The day finally came. Our German friends flew into Newark Liberty Airport. We drove together to Baltimore where we picked up Father Bill who had made the contact and knew the area. Using his GPS, we worked our way to the Pimlico area of Baltimore and found the street we were after. The 75 year old woman was standing in the middle of the street waving us down.

We had a lovely visit with her and her husband. Over lunch, she told us the story of her family's life in Germany. Of the rise of the Nazi party. And of her family's escape from the clutches of evil. If they had not left, they would surely have perished as so many did.

The next year, she visited her hometown in Germany for the celebration of the dedication of the synagogue as a cultural center in memory of the Jews who had once lived there.

She said in her letter, it was the process of teshuva:

"Germany has initiated the process of Teshuva, (the Hebrew word for return & repentance) I am a Nurse, and I can tell you the only way to fully heal a wound is to open and clean it. Germany is cleaning the deep wounds perpetrated by the Third Reich: it is baring its soul for all to see. And Germany is setting a high standard to make history right. Germany has placed a memorial to the Murdered Jews of Europe at its heart, in Berlin. It is confessing to the world the wrong that was done and it has done so of its own free will. It has done what is commanded of every Jew on the Day of Atonement, Yom Kippur; it is asking for forgiveness with a profound memorial and direct confession of the heart - a confession heard around the world. We can ask for no more."

A good friend of ours is a cantor at a synagogue here in New Jersey. She wrote:

"Living Teshuva...is a period of introspection, taking stock of our lives, considering the changes we should undertake that would align our values and our actions, and thus bring us closer to God and to one another. Whether one actually believes that the Book of Life exists, the concept of Teshuvah – repentance, turning, and returning is connected to transformation. From the first blast of the Shofar on the first day of the month of Elul, we are called upon to look inward, to return to our best and highest selves, seek forgiveness of ourselves and others, and renew our connection to God."

Looking at this world right now, we need this transformation, badly. My prayer this day is that we all undertake a period of teshuva.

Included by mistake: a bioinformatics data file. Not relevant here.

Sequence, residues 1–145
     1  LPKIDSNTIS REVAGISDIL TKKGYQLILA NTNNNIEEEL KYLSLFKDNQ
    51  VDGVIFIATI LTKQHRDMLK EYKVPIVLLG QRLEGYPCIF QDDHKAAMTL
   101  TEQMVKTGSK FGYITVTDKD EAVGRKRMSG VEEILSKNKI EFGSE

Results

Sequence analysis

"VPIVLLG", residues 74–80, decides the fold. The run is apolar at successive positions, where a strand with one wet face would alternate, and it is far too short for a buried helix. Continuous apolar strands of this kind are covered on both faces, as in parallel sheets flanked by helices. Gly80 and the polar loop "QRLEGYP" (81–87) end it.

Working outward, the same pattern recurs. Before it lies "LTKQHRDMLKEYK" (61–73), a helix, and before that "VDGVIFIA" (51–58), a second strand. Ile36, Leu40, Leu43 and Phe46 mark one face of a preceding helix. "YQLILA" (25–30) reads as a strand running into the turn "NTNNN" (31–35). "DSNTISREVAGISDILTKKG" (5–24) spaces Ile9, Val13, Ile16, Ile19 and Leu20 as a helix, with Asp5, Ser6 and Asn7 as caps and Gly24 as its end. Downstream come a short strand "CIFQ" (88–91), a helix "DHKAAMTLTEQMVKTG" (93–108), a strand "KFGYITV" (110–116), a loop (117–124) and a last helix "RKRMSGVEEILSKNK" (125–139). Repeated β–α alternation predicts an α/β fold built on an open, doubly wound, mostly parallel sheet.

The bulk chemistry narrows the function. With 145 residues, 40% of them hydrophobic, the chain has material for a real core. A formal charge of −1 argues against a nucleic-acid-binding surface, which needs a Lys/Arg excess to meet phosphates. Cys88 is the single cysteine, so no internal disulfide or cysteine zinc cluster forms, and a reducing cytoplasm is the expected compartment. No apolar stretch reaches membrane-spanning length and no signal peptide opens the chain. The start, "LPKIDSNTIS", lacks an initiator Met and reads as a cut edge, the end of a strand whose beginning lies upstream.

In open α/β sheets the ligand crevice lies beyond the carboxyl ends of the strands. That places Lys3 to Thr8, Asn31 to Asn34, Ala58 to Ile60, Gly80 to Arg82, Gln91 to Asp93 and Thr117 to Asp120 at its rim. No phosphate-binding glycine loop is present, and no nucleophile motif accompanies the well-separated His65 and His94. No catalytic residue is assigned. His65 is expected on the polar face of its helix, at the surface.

Posted by Terrence Seamon, August 7, 2010.

Thursday, August 05, 2010

Time Is Life


The Spanish philosopher Jose Ortega y Gasset once said: “Living is a constant process of deciding what we are going to do.”

For me, there is no better opening thought for a Time Management seminar. “What are you going to do?” is the central question. At home. At work. In life. You have 168 hours in a week. What are you going to do with them?

With Ortega y Gasset in mind, here are a few of the things to think about that will help you manage time, improve your productivity, achieve success, and make the world a better place.

- What are you going to do today? – A central concept in time management is the Daily To Do List. The key is to sort out the trivia and nonsense (the “C” items in the ABC Priority System) from the few critically important “most do” things (via the 80/20 Rule). Ask yourself frequently: What do I have to get done today? Tomorrow? This week? The way to zero in on the “A” items is to identify and stay focused on your Goals and Values.

- What are you going to do next? - Each day, life hands you a lot of choices. Some are attractive. Some are unexpected. Some are interruptions in what you planned to do. How do you handle all these options and choose the right thing to do next? Classic time management expert Alan Lakein advises, Ask yourself this question: “What is the best use of my time right now?” The best use of your time on a moment-to-moment basis is almost always to do something connected to your “A” items.

- What are you doing to reach your goals? – Each year in December or January, we make New Years Resolutions, goals for improving ourselves. But sadly, many of us let these goals slip away and disappear. The Greek Stoic philosopher Epictetus once said: “First say to yourself what you would be; and then do what you have to do.” So, your future is up to you. Decide what you would be in life. Then do what you have to do to make progress toward your goals.

- What mark are you going to leave on this world? – Ever wonder, Why am I here? What is my calling in life? What is my purpose? Apple founder and entrepreneur Steve Jobs talks about making a dent in the universe. Others talk about a legacy. These are Big Questions. If you are wondering what sort of difference you could make in this world, do these two things. First, take a look around at what people need. Second, take a look at what you are really good at. Then put them together: your special skills and some pressing need. You will make a difference indeed.

Lakein once said: “Time is life. It is irreversible and irreplaceable. To waste your time is to waste your life. But to master your time is to master your life and make the most of it.”

Or as my mother was fond of saying, “Life is what you make it.”

Decide what you want out of life and pursue it.

A colleague of mine said to me recently, “I really don’t like to teach time management.” Not me. I love it. Time is money. Time is life. What better topic to spend time on?

Posted by Terrence Seamon on August 5, 2010. Originally published at HR.Blognotions on July 31, 2010. For more tips on time management, productivity and success, see Terry's website and invite him to speak to your team.